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Posted on Mon, Mar 4, 2013 : 5:58 a.m.

Superior, Ypsilanti township firefighters partner to cut down road work response delays

By Tom Perkins


Work on the Ford Boulevard bridge is expected to delay fire crews this summer. The Superior Township and Ypsilanti Township departments are working together to address that.

Tom Perkins | For

Ypsilanti Township and Superior Township’s fire departments will partner for the first time in an effort to shorten response delays during summer road construction.

The Ypsilanti Township Fire Department faces the most serious obstacle with the closure of the Ford Boulevard bridge over East Michigan Avenue. That will cut the township’s main fire station off from its most direct route to the north third of the township for around three months.

The department sits just south of the bridge and responders will be forced to travel south on Ford Boulevard to Ecorse Road. Trucks can then travel west on Ecorse to Michigan Avenue, which will provide several routes into different parts of north Ypsilanti Township.

The 180-foot-long, 70-year-old Ford Boulevard bridge that spans East Michigan Avenue is deteriorating and in need of a total rebuild. Construction is expected to start in April.

Ypsilanti Township fire Chief Eric Copeland said his department has performed test runs and found that the bridge closure will add two to three minutes onto each response time.

But in the case of a structure fire, the two townships, with respective board approval, have have entered into a temporary automatic aid agreement. Whenever there is a fire in the northern part of the township, Superior Township’s trucks will automatically be deployed.

The north part of Ypsilanti Township is the department's busiest, but part of that is due to the number of medical calls at large senior facilities there. A Huron Valley Ambulance will be stationed north of the bridge during the construction.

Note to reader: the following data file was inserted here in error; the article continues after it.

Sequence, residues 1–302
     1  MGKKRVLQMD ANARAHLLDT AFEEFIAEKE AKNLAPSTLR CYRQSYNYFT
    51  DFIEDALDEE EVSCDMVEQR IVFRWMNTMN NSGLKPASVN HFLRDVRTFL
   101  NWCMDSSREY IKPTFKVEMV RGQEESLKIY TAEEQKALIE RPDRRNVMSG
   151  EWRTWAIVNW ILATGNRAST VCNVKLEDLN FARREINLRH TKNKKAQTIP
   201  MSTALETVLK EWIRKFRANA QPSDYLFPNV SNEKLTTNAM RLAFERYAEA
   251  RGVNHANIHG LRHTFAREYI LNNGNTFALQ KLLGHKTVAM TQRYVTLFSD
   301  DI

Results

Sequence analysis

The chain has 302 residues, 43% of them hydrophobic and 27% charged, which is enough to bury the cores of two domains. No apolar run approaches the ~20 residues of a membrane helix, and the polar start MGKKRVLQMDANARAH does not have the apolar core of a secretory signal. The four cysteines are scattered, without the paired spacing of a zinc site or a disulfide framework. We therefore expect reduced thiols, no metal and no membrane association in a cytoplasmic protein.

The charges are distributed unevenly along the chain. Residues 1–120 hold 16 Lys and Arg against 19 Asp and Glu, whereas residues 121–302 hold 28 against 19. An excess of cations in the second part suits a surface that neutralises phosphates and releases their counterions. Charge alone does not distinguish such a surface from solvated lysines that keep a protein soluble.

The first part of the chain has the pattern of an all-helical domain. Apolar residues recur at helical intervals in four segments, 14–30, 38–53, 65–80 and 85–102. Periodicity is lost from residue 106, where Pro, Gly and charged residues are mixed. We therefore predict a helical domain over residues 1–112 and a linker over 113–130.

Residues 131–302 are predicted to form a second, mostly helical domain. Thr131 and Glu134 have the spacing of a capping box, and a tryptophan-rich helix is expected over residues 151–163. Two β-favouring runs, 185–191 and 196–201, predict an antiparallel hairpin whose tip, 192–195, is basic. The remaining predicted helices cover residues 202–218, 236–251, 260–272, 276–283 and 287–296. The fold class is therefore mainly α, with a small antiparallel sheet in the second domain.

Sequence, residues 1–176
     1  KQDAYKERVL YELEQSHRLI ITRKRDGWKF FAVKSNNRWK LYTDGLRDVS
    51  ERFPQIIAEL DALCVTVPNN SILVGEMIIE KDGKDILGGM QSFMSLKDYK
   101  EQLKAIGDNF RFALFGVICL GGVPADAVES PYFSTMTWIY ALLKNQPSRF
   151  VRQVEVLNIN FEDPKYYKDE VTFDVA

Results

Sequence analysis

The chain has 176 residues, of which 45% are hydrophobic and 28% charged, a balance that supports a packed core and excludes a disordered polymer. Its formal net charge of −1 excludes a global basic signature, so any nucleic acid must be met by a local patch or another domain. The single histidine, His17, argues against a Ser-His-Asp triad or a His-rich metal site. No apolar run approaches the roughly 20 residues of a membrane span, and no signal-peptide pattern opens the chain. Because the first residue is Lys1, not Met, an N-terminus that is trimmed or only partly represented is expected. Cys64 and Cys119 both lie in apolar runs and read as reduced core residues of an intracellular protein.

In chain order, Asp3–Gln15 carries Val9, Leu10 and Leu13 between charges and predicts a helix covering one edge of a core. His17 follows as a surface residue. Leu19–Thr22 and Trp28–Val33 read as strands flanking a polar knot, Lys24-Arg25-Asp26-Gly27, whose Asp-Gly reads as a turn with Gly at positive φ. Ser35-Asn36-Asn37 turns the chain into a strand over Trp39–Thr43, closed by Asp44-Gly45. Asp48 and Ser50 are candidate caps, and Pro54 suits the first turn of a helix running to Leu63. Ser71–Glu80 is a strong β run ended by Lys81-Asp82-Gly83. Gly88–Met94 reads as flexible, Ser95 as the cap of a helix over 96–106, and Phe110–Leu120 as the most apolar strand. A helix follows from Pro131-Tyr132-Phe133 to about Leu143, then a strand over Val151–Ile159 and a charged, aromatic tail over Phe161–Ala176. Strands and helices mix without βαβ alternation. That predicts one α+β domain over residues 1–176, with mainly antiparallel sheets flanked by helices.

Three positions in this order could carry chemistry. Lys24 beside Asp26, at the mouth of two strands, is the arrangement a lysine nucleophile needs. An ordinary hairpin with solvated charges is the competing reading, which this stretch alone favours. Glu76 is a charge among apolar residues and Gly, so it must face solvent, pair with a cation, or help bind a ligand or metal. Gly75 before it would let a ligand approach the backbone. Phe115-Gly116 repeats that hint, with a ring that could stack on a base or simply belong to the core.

“This will enhance and shorten response times,” Copeland said.

In typical mutual aid arrangements among neighboring fire departments, help from a different jurisdiction isn’t sent until it is requested when the home department arrives at a fire.

Superior Township has one station on MacArthur Boulevard near the border with Ypsilanti Township. Its main station is five miles north at the intersection of Prospect and Ford roads.

One firefighter mans the MacArthur station, though the southern region of the township is where the department responds to most of its calls. Ypsilanti Township trucks will automatically respond to calls in that region.

“What I think is the catalyst for the agreement is that we have a need. They have a need along MacArthur Boulevard with having responding to a lot of calls there, so it’s a win-win,” Copeland said.

Additionally, bridge construction on Ridge Road will slow Superior Township from responding to calls south of the bridge, to which Ypsilanti Township also will respond.

This is the first time the two departments have worked together, which Copeland said is due in part to past fire politics, but he is encouraged by the temporary partnership.

The two departments have similar trucks. Ypsilanti Township responds to just under 4,000 calls annually while Superior Township responds to around 1,000 calls.

Tom Perkins is a freelance reporter. Reach the news desk at